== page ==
The uncertainty about what emails Papadopoulos learned about — and revealed to Downer — might explain why the Aussies didn’t tell the US right away. If the Australians didn’t know what emails the Russians had, it might explain their lack of urgency. If the emails were known Guccifer 1.0 emails, it wouldn’t be news. But it doesn’t explain why the Aussies didn’t tell the US in June, when Guccifer 2.0 started releasing documents, but instead waited until their own citizen, Julian Assange, started releasing some on July 22.

All this could be a lot more easily explained if we knew the one detail the NYT admits it didn’t confirm: whether and when Papadopoulos told the campaign that the Russians had emails (and whether he knew which emails the Russians had).

In late April, at a London hotel, Mr. Mifsud told Mr. Papadopoulos that he had just learned from high-level Russian officials in Moscow that the Russians had “dirt” on Mrs. Clinton in the form of “thousands of emails,” according to court documents. Although Russian hackers had been mining data from the Democratic National Committee’s computers for months, that information was not yet public. Even the committee itself did not know.

Whether Mr. Papadopoulos shared that information with anyone else in the campaign is one of many unanswered questions. He was mostly in contact with the campaign over emails. The day after Mr. Mifsud’s revelation about the hacked emails, he told Mr. [Stephen] Miller in an email only that he had “interesting messages coming in from Moscow” about a possible trip. The emails obtained by The Times show no evidence that Mr. Papadopoulos discussed the stolen messages with the campaign.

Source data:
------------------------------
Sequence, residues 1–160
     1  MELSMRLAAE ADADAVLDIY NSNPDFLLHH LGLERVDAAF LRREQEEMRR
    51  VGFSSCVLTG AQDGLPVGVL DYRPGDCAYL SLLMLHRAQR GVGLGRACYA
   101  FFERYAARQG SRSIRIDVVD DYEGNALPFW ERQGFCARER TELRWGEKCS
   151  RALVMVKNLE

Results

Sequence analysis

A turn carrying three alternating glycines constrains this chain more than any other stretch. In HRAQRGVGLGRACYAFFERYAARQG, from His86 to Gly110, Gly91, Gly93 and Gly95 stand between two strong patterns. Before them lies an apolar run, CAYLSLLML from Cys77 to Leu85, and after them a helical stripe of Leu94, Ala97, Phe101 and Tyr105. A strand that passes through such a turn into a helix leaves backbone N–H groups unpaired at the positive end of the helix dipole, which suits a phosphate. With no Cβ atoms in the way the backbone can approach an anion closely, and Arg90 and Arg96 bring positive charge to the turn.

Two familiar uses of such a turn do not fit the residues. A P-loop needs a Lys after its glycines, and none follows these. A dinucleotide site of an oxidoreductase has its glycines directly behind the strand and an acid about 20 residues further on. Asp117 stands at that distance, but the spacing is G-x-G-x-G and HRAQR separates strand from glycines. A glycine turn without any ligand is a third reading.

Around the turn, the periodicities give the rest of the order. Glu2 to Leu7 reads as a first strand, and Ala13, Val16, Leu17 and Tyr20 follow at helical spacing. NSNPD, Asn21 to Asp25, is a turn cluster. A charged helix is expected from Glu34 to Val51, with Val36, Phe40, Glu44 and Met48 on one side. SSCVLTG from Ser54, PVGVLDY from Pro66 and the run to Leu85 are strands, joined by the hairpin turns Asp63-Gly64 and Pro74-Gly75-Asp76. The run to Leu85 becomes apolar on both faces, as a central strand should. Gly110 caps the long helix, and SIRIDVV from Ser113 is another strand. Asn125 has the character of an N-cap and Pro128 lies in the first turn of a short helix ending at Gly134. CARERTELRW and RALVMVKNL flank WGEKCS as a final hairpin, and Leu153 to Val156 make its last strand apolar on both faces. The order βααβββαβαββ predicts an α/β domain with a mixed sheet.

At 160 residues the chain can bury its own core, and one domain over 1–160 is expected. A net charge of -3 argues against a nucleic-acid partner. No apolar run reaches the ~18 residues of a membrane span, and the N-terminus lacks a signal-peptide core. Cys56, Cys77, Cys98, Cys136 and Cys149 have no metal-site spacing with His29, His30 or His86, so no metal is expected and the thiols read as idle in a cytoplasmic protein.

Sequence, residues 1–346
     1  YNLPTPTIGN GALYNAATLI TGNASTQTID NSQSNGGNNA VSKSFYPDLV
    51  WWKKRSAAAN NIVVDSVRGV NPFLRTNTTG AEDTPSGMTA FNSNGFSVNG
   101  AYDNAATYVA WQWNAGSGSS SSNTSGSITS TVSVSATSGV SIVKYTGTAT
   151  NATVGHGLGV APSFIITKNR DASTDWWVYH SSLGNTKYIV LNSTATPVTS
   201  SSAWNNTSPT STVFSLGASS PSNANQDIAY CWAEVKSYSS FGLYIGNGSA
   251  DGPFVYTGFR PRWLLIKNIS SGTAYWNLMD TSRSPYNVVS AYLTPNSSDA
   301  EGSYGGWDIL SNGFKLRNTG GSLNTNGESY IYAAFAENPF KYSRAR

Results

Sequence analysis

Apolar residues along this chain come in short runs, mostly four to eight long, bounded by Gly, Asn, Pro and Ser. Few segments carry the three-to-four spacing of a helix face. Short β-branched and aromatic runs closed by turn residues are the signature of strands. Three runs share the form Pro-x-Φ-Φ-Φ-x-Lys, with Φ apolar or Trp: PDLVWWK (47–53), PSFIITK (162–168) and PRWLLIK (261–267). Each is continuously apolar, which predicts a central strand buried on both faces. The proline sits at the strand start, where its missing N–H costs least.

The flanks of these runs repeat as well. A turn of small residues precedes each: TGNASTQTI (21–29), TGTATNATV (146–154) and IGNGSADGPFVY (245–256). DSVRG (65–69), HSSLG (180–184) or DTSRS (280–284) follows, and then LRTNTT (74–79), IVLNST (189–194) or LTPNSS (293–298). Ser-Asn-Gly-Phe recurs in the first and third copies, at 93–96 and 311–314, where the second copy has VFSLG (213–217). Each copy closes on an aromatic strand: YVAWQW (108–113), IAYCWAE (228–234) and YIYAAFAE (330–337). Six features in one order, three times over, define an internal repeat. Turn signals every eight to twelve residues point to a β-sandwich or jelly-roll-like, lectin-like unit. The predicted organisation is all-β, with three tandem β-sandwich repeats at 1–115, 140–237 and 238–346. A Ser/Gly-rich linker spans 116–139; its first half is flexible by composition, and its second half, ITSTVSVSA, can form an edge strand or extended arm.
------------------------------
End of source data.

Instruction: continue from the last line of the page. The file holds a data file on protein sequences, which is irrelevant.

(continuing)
NYT makes clear Papadopoulos (who was, after all, remote and traveling a lot) primarily communicated via emails. But the emails they obtained (but didn’t share) don’t include any evidence of him telling the campaign about the emails (much less which ones they were).

Which brings us to a point I made in November: when the FBI arrested Papadopoulos in July, they believed he lied to hide whether he told the campaign about the emails, but they de-emphasized that detail in the October plea deal.

[T]he description of the false statements makes the import of them far more clear (import that the Special Counsel seems to want to obscure for now). Papadopoulos lied about the circumstances of his conversations with Mifsud — the FBI appears to have believed when they arrested him in July — as part of a story to explain why, after having heard about dirt in the form of thousands of emails from Hillary, he didn’t tell anyone else on the campaign about them. Laid out like this, it’s clear Papadopoulos was trying to hide both when he learned about the emails (just three days before the DNC did, as it turns out, not much earlier as he seems to have suggested in January), but also how important he took those emails to be (which in his false story, he tied to to a false story about how credible he found Mifsud to be).